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decided: May 6, 1977.


Appeal from the Order of the Court of Common Pleas of Philadelphia County in case of Frances M. Merz v. Commonwealth of Pennsylvania, No. 1755 October Term, 1970.


Thomas F. McDevitt, for appellant.

Stephen E. Levin, Assistant Attorney General, with him Martin W. Bashoff, Special Assistant Attorney General, for appellee.

Judges Kramer, Wilkinson, Jr. and Blatt, sitting as a panel of three. Opinion by Judge Wilkinson, Jr.

Author: Wilkinson

[ 29 Pa. Commw. Page 639]

Claimant appeals from an order of the Court of Common Pleas of Philadelphia County affirming the denial of workmen's compensation benefits by the Workmen's Compensation Appeal Board (Board). We affirm.

Claimant was employed by the Department of Labor and Industry, serving from 1939 to 1964 as a secretary

[ 29 Pa. Commw. Page 640]

    to a referee in the First District. Her principal duties were supervising the office, scheduling hearings and typing notices. In 1964 it was arranged that claimant could work at home. The change altered her duties, requiring an extensive amount of typing each day. Within approximately three months of the change claimant started to experience numbness and a loss of sensation in her right hand for which she obtained medical treatment. The condition, diagnosed as carpal tunnel syndrome, worsened in the right hand and appeared, although less severely, in the left hand. On November 9, 1965, claimant went on sick leave and in February, 1966, her right wrist was operated on. On December 1, 1966, she resigned her position due to her continuing disability. A claim petition was filed on August 18, 1967.*fn1

After several hearings a referee found that claimant's disability was caused by her substantial increase in typing and that the typing constituted an accident within the meaning of the Act. An appeal was filed with the Board, which denied benefits on the basis that claimant had failed to prove the existence of an accident.*fn2 The order was affirmed by the Court of Common Pleas of Philadelphia County.

[ 29 Pa. Commw. Page 641]

The only real question for discussion in this case is whether our Supreme Court's decision in Hinkle v. H.J. Heinz Co., 462 Pa. 111, 337 A.2d 907 (1975) and this Court's decision in Workmen's Compensation Appeal Board v. Hamilton, 21 Pa. Commonwealth Ct. 425, 346 A.2d 387 (1975) control and require reversal. We think not.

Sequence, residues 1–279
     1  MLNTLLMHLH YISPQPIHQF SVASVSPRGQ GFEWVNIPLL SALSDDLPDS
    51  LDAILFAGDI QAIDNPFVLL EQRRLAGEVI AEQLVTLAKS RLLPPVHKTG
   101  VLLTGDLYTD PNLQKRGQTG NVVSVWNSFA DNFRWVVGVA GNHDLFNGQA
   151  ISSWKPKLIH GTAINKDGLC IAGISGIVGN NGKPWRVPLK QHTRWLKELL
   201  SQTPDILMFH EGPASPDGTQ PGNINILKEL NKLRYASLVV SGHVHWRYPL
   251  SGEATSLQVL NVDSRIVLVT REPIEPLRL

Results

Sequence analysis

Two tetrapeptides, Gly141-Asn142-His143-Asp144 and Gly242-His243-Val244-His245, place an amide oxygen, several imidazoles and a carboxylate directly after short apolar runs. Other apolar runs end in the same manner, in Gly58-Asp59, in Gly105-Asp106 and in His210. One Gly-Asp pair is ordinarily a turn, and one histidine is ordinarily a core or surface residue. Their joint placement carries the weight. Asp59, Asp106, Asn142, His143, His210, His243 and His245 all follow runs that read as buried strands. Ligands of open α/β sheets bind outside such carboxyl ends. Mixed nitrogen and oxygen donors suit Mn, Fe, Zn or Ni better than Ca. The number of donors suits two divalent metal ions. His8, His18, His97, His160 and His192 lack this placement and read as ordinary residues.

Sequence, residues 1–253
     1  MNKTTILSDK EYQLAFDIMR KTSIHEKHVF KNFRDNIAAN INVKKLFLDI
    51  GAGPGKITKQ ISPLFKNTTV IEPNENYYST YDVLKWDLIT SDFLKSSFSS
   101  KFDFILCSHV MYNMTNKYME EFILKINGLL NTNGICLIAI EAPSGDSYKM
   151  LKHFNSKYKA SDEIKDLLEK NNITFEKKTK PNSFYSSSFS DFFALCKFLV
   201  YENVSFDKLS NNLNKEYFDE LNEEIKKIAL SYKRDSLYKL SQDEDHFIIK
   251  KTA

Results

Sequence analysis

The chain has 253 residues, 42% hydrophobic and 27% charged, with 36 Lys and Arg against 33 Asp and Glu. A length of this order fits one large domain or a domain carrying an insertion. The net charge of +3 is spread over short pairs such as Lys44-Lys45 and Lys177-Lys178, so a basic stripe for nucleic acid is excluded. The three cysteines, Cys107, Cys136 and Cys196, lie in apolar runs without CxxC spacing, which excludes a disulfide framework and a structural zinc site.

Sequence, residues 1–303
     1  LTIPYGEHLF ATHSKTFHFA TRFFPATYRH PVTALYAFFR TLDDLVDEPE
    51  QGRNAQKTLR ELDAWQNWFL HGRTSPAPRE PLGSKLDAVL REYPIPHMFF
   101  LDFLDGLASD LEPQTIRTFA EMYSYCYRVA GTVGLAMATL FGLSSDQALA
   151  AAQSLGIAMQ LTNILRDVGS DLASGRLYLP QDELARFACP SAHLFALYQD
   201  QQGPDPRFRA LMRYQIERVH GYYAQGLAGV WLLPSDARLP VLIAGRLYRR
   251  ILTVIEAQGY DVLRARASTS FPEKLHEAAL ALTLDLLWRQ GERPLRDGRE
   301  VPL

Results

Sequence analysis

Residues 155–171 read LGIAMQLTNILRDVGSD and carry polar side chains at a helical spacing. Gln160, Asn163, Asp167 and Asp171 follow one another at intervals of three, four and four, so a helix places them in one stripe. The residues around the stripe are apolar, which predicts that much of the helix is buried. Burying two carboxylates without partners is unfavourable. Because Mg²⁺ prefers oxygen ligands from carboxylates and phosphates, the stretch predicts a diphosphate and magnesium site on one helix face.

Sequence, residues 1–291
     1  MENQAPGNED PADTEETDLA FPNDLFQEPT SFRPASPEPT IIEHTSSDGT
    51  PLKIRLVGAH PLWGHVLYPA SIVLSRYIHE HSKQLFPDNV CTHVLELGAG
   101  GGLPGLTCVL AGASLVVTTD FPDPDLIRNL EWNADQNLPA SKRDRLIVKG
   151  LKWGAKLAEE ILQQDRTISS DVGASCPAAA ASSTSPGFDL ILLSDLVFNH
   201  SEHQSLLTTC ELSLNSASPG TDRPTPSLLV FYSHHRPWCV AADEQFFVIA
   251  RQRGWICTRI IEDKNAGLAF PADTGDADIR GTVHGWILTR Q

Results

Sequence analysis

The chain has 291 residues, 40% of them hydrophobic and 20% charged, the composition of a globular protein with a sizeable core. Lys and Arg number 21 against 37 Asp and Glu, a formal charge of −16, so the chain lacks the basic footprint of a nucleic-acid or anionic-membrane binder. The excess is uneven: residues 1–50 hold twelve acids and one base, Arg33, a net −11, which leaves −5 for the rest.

In Hinkle, a mechanic in a can-making factory sustained a partial loss of hearing because of his exposure to loud noises over a period of years. The referee, Board, Court of Common Pleas, and this Court all agreed that no accident within the meaning of the Act had occurred. The Supreme Court reversed, stating:

Viewing, as we do, each outburst of noise as a miniature accident operating to break down the claimant's physical structure, we rule that loss of hearing resulting from protracted exposure to noise during the course of employment may constitute a compensable accident within the meaning of the Act.

Id. at 118, 337 A.2d at 910.

In Hamilton, the operator of a plastic molding machine was required to repeatedly strike the machine with a wooden mallet to loosen the finished product. As in Hinkle the referee and the Board found that no accident had occurred. We reversed, Judge Crumlish speaking for the Court stating:

We view the Claimant's repeated overhead hammering activity in the instant case as being analogous to the repeated outburst of noise present in Hinkle.

Id. at 429, 346 A.2d at 390 (1975).

[ 29 Pa. Commw. Page 642]

As then Justice, now Chief Justice, Eagen, stated in Hinkle, "[t]he intended distinction between those injuries which are compensable and those which are not is divided by a line which, at times, appears indistinct." Id. at 115, 337 A.2d at 909. (Citations omitted.) It would seem to extend the idea of a mini-accident clearly beyond that indistinct line to hold that each time the claimant's finger struck the typewriter key an accident occurred as it did when the outbursts of noise occurred in Hinkle and the mallet struck the side of the machine in Hamilton.

The Board's 6th finding of fact is:

Claimant's condition developed over a period of time and was not the result of an accident or unusual exertion in the course of her employment.

Since the claimant had the burden of proof to establish an accident, the court below could only reverse if it found the Board had capriciously disregarded competent evidence. In his memorandum opinion, Judge Hirsh stated "it is apparent that claimant did not perform any unusual activities or was subjected to any extraordinary exertion or strain in her secretarial position." He expressly stated that he could not find there was any capricious disregard of evidence. Certainly this Court cannot say as a matter of law that an accident occurred based on the testimony in this case.

Accordingly, we will enter the following


Now, May 6, 1977, the Order of the Court of Common Pleas of Philadelphia County, dated October 2, 1975, No. 1755 October Term, 1970, affirming the decision of the Workmen's Compensation Appeal Board which denied compensation is affirmed.



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